The road not taken, which has made all the difference

Story and photos by Wyatt Vaughn, senior at Holy Cross School; mentored by McClain Forman

Cheick Diallo plays tough defense on Giannis Antetokounmpo. Photo Credit: Wyatt Vaughn

On Tuesday night the New Orleans Pelicans, now 12th in the Western Conference, took on the top team in the league in the Milwaukee Bucks who currently have a 50-17 record. With Jrue Holiday out, and Anthony Davis playing limited minutes, it was going to be a huge challenge for the Pels to steal a win, but some fans would take that as a good thing for the Pels. With the Bucks, and perennial superstar Giannis Antetokounmpo, coming into town it is time to revisit how the Bucks built a contender of a team around Giannis, and how the Pelicans failed to do so with Anthony Davis.

Just a few short years ago, the Bucks and Pelicans were in very similar positions. Back in 2013, the Pelicans had just finished up a 27-55 campaign with star rookie Anthony Davis, and were gearing up for the NBA draft with the 6th overall pick. The Bucks meanwhile were coming off a first round playoff loss to the eventual champion Miami Heat, and had the 15th pick in the NBA draft. Long before the draft, the consensus #1 pick for many months was Nerlens Noel, a Center from Kentucky. Noel, who was the #1 recruit coming out of high school, was highly touted because of his length, athleticism, and versatility as either a center or a power forward. But on February 14th, the prospect received news that he had torn his ACL and was going to miss the rest of his college season. This injury would make his draft stock drop significantly. So much so that he was available with the 6th pick when the Pelicans were making their draft selection. Had Noel not gotten injured, maybe the Pelicans would have traded down, or picked another player. Noel’s tenure with the Pels wasn’t long, as he was traded almost immediately to the Philadelphia 76ers. The Pelicans in return got Jrue Holiday, a future all-defensive first team player. The Bucks meanwhile took a little known player, Giannis Antetokounmpo all the way from Greece. And so it began.

It didn’t seem like the Greek Freak was all that great when he started out. As a rookie he averaged just six points and four rebounds a game, while shooting a measly 41% from the field. Comparatively, AD averaged 13 points, eight rebounds, and two blocks per game in his rookie season. But Antetokounmpo just kept getting better, year after year. In every year since his rookie season, his points and rebounds per game have gone up. Though Antetokounmpo blossomed a little later than Davis did, it was clear for both teams, that they had a rising superstar, and needed to build a team around them. The Pelicans had already begun this process by trading for Jrue Holiday.

Darius Miller shoots a jumper over Brook Lopez. Photo Credit: Wyatt Vaughn

The Bucks would follow the Pelicans in quickly building a team around their growing star. After the 2013 season ended the Bucks made a blockbuster trade with the Detroit Pistons. The Bucks gave up star point guard Brandon Jennings in exchange for three players from the Pistons, one of which was future all-star Khris Middleton. That move was the most influential move they have made in the last 10 years, aside from drafting Antetokounmpo. Middleton is currently in his 6th season with the team, averaging just over 17 points per game and six rebounds. Just a month ago he was nominated to his first ever all-star game. But Middleton wasn’t a proven prospect when the Bucks traded for him. The Bucks were playing for the future, a common theme in their building process. The Bucks were extremely proactive in acquiring great teammates for Antetokounmpo to play with. Just two drafts ago they drafted the rookie of the year, guard Malcolm Brogdon in the second round. Only five times has the award ever been won by someone drafted outside of the first round, and Brogdon is the first since 1962 to do it. After that the Bucks knew they were building something special, so they finally made a move to win now, instead of in the future by trading for star point guard Eric Bledsoe. All of these moves have proved to be great as the Bucks are now 51-17, the #1 seed in the East, and the favorite to go to the finals. But all of this wouldn’t be possible without Antetokounmpo, who is the frontrunner for MVP, averaging 27 points per game and 12 rebounds, while shooting 58% from the field. What the Bucks did was perfect, they built for the future, and it is finally paying off.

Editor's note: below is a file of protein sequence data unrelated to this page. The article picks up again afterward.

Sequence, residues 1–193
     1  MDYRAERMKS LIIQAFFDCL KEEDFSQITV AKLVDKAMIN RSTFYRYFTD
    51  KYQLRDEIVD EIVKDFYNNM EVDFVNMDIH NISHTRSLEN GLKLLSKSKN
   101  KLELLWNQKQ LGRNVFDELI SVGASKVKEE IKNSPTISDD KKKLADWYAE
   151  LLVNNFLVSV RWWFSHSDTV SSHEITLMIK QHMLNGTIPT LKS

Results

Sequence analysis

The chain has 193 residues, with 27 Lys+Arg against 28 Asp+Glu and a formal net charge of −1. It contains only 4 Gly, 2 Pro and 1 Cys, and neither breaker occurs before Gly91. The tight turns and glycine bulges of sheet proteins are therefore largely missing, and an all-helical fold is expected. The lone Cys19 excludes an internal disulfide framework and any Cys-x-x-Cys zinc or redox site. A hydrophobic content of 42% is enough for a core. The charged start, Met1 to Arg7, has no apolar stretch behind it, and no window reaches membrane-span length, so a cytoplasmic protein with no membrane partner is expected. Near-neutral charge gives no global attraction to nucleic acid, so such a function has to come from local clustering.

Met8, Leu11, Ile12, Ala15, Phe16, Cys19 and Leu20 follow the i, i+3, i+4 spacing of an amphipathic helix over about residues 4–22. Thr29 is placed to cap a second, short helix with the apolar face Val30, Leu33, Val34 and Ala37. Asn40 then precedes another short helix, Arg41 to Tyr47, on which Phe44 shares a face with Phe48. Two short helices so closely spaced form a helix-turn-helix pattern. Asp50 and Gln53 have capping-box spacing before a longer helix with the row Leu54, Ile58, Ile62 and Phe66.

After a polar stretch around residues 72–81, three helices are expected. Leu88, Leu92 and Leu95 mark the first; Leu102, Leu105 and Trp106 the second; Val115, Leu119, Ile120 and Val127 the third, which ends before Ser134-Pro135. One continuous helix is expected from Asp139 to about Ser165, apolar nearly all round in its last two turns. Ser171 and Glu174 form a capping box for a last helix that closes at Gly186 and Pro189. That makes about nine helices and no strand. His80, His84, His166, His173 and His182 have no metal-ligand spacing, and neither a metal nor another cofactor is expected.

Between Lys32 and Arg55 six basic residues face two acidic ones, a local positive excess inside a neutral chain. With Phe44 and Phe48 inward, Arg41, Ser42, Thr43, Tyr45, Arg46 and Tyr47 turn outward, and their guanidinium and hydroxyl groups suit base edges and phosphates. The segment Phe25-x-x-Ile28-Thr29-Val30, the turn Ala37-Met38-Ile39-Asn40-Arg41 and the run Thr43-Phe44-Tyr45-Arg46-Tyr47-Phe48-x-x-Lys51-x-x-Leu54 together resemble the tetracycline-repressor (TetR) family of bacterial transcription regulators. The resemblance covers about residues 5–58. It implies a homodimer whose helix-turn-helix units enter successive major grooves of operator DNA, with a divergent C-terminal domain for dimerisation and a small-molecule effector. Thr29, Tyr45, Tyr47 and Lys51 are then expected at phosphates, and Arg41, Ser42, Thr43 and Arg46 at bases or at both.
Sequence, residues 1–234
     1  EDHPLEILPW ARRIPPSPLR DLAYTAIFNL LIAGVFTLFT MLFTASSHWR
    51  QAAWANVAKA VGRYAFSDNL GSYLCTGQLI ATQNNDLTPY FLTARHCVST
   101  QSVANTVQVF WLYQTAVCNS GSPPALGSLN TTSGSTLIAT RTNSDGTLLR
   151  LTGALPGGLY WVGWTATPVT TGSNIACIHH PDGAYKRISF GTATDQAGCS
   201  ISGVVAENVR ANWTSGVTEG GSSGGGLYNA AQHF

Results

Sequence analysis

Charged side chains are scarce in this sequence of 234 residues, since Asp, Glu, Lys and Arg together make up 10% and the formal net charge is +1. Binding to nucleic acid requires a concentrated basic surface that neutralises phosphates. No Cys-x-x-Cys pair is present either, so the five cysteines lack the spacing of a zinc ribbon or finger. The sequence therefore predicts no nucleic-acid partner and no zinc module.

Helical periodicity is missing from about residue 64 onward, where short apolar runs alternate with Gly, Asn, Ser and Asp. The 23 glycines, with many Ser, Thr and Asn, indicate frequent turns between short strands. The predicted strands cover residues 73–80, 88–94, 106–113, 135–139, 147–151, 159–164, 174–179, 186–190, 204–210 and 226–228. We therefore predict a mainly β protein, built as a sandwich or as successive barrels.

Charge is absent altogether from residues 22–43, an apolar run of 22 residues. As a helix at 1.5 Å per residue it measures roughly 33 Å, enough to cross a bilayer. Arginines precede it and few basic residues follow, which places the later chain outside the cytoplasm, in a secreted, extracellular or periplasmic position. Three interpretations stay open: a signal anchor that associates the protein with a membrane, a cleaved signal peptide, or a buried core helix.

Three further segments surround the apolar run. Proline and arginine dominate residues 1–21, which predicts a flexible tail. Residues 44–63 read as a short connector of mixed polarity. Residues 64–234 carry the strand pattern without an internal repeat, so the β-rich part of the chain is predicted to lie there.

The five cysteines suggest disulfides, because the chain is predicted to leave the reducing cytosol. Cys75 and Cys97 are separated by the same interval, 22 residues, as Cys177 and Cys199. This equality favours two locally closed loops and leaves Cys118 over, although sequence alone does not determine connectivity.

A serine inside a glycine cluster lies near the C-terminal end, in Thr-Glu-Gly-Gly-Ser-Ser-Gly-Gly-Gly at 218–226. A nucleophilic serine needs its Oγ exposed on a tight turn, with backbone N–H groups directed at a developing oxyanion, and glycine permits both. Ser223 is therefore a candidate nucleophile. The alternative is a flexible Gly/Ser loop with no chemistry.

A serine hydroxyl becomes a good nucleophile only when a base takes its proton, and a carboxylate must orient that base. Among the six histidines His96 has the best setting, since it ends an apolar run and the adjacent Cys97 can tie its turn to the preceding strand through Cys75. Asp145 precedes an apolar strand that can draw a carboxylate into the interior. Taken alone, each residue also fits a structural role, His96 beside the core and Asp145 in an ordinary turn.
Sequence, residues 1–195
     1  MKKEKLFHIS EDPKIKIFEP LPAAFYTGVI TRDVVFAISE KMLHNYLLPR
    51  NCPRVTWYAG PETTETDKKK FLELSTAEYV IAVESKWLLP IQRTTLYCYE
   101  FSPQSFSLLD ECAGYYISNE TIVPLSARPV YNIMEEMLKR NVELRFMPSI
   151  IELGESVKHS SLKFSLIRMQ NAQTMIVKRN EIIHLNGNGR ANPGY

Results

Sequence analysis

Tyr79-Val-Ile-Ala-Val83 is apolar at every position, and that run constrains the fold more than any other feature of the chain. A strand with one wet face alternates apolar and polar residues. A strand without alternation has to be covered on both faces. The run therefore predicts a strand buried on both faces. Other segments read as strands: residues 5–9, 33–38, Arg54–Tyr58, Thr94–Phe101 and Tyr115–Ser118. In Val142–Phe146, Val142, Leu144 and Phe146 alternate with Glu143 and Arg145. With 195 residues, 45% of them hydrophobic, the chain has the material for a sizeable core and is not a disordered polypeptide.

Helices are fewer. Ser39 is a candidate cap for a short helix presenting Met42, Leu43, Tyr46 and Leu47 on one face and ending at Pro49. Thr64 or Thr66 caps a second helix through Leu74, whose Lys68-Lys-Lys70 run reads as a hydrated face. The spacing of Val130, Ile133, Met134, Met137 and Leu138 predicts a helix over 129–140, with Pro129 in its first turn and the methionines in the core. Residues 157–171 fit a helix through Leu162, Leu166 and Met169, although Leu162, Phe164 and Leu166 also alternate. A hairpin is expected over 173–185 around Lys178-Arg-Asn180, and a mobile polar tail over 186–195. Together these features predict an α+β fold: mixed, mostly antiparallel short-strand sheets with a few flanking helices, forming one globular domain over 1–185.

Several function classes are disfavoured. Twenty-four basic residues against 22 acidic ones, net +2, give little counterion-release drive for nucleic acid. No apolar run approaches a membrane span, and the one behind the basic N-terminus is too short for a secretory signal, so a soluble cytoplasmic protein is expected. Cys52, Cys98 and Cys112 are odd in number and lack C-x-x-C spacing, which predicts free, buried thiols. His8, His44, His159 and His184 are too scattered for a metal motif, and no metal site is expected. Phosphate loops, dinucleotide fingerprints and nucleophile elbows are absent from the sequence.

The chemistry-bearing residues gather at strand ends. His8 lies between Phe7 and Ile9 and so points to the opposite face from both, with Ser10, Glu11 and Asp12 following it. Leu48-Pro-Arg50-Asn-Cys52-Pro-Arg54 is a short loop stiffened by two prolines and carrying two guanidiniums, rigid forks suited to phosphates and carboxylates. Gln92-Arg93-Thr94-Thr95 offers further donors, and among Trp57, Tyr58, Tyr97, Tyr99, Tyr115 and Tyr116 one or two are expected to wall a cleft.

The Pelicans did all they could to build around Anthony Davis. They made move after move, with them all culminating in Davis requesting a trade last month. Back in 2013, armed with a new name, brand and enthusiasm, the Pelicans were one of the most exciting young teams in the NBA. They had Davis, along with recently acquired Jrue Holiday, and Austin Rivers, who they drafted 10th overall in the draft. The Pelicans’ troubles started when Austin Rivers didn’t produce like they thought he would. The Pelicans wound up trading him after two years in 2015 to the Boston Celtics. After that the Pelicans stayed quiet for a while until a blockbuster trade for Demarcus Cousins, in which they gave away Buddy Hield. Although the trade seemed to be good at first, once Cousins tore his achilles he decided to leave NOLA and join the Golden State Warriors. Hield is now averaging more points per game than Cousins is, at 20 points per game. Another case of the Pelicans trying to build for now, instead of the future.

Now they must build their team back up again. This time, the roster will not include Anthony Davis. While winning in the NBA without a star isn’t impossible, it is extremely difficult. And if the Pelicans want to do so, they are going to have to get to work.

The Pelicans will be back in action on Friday the 14th against the Portland Trail Blazers at the Smoothie King Center.